The Angel of the Crows – Katherine Addison

angel of the crows cover

“When I left London in 1878, I intended never to return.”

I’d never heard the term ‘wingfic’ until the afterword of this novel, where the author informs us that The Angel of the Crows ‘started’ life as wingfic of Sherlock Holmes. Started? It’s well written, it’s pleasurable enough to read, but AotC is absolutely a fan fiction retelling of Arthur Conan Doyle’s stories – with added supernatural elements.

It does work, in the main. This is a world filled with angels – Nameless, or named after a building they patronise – as well as werewolves, vampires, and many more. Our Great Detective is a semi-outcast angel, explaining his social awkwardness and obsession with solving mysteries as something to do. His new flatmate and our narrator is Dr JH Doyle, a veteran of the wars in Afghanistan where he was almost killed by a Fallen angel. We get to read about their meeting and growing friendship, against the background of some very familiar mysteries.

And that’s my main problem: it’s not a mystery when you’ve read the original or seen countless adaptations. The first case is not only completely familiar, but the supernatural elements barely seem to affect anything. That does change as the cases continue – the Hound of the Baskervilles has a different mood in a world where werewolves and hellhounds are part of society! – but it takes its time to expand the ‘new’ bits of the world. Throwing in the Jack the Ripper case was, shall we say, a bold choice and not one I’m sure could be resolved enough to bring any satisfaction – and missed opportunity not to show a link with the paranormal elements.

The real meat of the tale is the relationship between Holm- urm, Crow and Doyle, and that’s done well, with a few twists along the way. I would have liked a lot more exploration of the unique factors of the world: what’s the real difference between vampires and haemophages? Are hellhounds born or made? What precipitated the angels being on Earth, and what are the different kinds really about? It’s all background, not wholly explored for the reader, which felt like a missed chance to focus on perhaps more interesting elements?

Overall, I did enjoy the read but it’s not without its limitations and frustrations. That the author is passionate about the topic is clear, and that in itself makes for a decent read. Still, I wasn’t expecting fan-fic, however well written, and I think this will go down as quirky rather than standing out. I could perhaps see a sequel that expands the more novel elements – and I’d read that in a flash.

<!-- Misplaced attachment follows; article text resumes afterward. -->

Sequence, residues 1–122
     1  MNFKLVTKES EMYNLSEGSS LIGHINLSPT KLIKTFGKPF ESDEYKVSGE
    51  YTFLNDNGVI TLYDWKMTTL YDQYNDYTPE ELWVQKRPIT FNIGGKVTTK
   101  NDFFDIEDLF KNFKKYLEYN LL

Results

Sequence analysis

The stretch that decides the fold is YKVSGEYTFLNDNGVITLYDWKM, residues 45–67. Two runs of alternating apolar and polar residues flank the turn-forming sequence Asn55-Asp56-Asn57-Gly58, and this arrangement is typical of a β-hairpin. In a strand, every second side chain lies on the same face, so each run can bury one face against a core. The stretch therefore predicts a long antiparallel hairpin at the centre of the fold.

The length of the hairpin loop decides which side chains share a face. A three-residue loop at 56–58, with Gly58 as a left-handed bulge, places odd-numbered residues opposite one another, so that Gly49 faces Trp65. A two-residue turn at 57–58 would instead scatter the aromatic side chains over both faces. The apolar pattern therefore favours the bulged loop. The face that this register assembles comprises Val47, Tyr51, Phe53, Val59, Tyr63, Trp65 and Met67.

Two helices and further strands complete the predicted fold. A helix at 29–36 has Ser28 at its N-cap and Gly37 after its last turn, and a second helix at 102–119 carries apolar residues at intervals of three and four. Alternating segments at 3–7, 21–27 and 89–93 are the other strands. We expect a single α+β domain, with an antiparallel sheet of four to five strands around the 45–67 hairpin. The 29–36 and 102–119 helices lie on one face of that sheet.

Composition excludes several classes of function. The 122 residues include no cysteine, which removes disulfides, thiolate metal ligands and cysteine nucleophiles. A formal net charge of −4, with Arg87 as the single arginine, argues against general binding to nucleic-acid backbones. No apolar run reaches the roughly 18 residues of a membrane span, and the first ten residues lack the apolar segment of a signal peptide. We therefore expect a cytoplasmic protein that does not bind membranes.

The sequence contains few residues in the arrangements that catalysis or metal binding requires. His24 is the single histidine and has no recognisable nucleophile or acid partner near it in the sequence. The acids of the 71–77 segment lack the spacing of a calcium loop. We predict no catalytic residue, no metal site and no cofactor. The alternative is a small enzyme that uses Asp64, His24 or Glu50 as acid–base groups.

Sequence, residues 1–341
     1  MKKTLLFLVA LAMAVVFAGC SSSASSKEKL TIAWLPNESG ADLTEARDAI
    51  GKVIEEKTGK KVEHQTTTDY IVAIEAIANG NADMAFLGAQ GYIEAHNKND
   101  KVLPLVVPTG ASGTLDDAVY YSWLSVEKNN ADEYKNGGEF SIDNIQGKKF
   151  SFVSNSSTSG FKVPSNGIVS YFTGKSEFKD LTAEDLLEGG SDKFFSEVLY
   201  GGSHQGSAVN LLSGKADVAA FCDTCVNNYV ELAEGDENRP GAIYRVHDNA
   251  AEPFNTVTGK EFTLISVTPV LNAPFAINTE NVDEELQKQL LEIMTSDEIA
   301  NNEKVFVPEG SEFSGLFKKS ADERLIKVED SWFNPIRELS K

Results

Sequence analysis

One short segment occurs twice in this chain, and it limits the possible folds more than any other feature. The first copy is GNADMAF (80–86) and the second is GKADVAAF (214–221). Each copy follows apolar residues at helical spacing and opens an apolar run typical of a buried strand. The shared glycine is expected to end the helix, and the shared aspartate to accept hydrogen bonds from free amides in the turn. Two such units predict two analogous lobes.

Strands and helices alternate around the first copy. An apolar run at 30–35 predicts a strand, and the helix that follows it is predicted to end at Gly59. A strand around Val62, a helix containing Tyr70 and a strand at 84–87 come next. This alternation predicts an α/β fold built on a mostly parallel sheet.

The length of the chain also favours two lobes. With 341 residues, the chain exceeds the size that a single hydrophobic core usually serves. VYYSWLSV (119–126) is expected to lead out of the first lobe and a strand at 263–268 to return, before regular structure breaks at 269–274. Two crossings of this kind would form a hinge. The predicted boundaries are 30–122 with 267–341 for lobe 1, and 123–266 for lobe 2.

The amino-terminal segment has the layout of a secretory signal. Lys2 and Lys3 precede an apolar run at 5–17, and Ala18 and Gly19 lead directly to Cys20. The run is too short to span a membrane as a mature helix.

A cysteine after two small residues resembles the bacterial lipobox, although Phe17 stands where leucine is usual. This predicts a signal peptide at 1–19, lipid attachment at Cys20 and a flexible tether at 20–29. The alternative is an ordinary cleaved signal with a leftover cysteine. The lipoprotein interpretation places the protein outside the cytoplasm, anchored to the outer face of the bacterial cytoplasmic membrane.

NetGalley eARC: 448 pages / 33 chapters
First published: 2020
Series: none
Read from 30th May – 22nd June 2020

My rating: 7/10

Chosen Ones – Veronica Roth

chosen ones cover

“The Drain looked the same every time, with all the people screaming as they ran away from the giant dark cloud of chaos but never running fast enough.”

Ten years ago, a group of teenagers saved the world from The Dark One, a shadowy figure wielding terrible magical powers. The discovery that magic was real had started to shake the world, but it still looks a lot like ours. More shaken were the lives of these five teens, drawn together by a shady government department willing to believe a prophecy. They might have succeeded in their task, but at what personal cost?

Our main character is Sloane, perhaps the most overly damaged by her experiences. She’s prickly and unfriendly and I can see why some might not warm to her as a lead. However, I liked her antisocial attitude, it felt refreshingly likely. The hints at darkness in her past are perhaps a little drawn out, but don’t disappoint in the reveal, and do make her subsequent actions make a lot more sense.

The first part of the book deals with everyday lives for these half-unwilling celebrities (one at least is a full-on ‘influencer’ on the back of her fame!), continuing to deal with the aftermath. It wasn’t the most action-packed section, but I’ve always been a fan of world building. However, part two – still heavy on the world-building – takes a swerve I didn’t see coming. This is not quite the story part one seems to be taking you down!